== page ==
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Int J Pancreatol. 1996 Apr;19(2):129-34.

Complement inhibition by soluble complement receptor type 1 fails to moderate cerulein-induced pancreatitis in the rat.

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1
Department of Surgery, Brigham and Women's Hospital, Boston, MA 02115, USA.

Abstract

CONCLUSION:

Cerulein-induced pancreatitis in rats associated with remote liver and lung dysfunction. Soluble complement receptor 1 (sCR1) does not reduce the local or remote injury. Thus complement activation does not moderate cerulein-induced pancreatitis or the associated liver and injury.

BACKGROUND:

The local and remote injury of pancreatitis resembles other inflammatory events that are mediated by complement. This study examines the effect of complement inhibition with sCR1 in cerulein-induced pancreatitis in rats.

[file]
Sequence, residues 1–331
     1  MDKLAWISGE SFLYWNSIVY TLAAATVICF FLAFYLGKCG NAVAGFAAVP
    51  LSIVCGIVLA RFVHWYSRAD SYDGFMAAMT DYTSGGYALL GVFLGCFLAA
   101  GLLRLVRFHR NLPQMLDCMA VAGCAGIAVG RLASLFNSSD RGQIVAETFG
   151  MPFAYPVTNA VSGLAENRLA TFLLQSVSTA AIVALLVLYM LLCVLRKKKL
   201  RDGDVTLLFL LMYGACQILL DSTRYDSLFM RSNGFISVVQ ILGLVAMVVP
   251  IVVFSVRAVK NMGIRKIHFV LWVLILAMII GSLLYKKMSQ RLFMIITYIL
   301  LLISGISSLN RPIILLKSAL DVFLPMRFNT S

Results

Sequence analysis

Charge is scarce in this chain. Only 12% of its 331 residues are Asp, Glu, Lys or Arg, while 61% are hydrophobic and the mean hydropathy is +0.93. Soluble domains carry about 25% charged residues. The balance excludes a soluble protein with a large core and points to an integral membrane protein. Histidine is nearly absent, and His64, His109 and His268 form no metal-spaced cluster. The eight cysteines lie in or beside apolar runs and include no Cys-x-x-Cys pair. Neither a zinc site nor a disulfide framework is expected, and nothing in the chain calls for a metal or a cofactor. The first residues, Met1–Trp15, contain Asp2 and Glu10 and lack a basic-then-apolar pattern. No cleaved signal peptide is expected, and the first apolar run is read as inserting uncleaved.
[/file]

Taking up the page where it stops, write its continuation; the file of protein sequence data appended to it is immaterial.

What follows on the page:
METHODS:

Thirteen Sprague-Dawley rats received five hourly subcutaneous doses of cerulein (100 micrograms initially, then 50 micrograms/kg). Six of these animals received hourly i.v. sCR1 (15 mg/kg, a proven complement-inhibiting dose in rats) and the other seven received i.v. saline. In parallel, 12 additional rats received hourly s.c. and i.v. saline.

RESULTS:

Compared to saline controls, rats receiving cerulein showed increased pancreatic wet-to-dry ratio (3.25:8.52), hematocrit (40 to 47%), ascites volume (2.1 to 6.1 mL), serum amylase (1680 to 10,700 U/L), and ascites amylase (32,200 to 167,000 U/L) (all p < 0.05). None of these parameters were modified by treatment with sCR1. Serum SGPT, which increased from 33.4 to 46.6 U/L in cerulein-infused rats, showed a trend toward reduction to 38.8 U/L in rats treated with sCR1. Cerulein-treated rats also had increased lung myeloperoxidase (0.069 to 0.097 U/g) and lung permeability, as assessed by a alveolar lavage to serum ratio of labeled albumen (0.041:0.121) both p < 0.05). Neither were changed by sCR1 treatment.

PMID:
8723555
DOI:
10.1007/BF02805226
[Indexed for MEDLINE]
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